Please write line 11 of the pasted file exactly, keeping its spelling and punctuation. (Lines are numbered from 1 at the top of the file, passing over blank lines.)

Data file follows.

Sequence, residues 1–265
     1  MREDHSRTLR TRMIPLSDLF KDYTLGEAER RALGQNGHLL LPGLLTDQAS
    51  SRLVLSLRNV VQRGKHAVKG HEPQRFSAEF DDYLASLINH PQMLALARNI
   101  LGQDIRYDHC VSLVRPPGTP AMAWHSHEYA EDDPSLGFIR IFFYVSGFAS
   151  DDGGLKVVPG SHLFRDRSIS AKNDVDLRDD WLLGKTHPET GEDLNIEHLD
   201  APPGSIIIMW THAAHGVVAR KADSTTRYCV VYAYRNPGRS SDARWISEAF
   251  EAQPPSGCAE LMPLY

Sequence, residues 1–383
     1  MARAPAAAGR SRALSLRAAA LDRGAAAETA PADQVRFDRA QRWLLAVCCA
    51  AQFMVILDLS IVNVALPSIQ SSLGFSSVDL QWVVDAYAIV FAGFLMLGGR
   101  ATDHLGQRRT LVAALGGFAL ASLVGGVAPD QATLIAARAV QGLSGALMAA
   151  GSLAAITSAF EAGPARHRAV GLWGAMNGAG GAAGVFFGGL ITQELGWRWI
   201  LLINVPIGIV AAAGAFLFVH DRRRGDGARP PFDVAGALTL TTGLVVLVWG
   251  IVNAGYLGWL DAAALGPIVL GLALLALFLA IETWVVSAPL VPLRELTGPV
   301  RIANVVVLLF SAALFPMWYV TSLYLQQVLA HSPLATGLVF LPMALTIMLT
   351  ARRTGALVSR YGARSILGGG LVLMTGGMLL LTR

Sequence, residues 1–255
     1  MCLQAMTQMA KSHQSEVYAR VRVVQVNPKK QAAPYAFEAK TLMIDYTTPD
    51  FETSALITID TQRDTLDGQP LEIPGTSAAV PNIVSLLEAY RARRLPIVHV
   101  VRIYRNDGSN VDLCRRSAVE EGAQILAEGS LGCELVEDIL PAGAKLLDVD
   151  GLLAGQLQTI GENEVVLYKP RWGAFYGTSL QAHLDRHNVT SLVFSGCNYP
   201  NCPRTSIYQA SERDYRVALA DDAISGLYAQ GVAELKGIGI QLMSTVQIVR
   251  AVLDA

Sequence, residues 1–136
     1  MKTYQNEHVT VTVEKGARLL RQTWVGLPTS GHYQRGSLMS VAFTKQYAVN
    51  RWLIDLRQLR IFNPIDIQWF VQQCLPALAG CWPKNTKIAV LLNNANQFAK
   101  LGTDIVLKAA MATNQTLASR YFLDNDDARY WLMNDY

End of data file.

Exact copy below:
   101  ATDHLGQRRT LVAALGGFAL ASLVGGVAPD QATLIAARAV QGLSGALMAA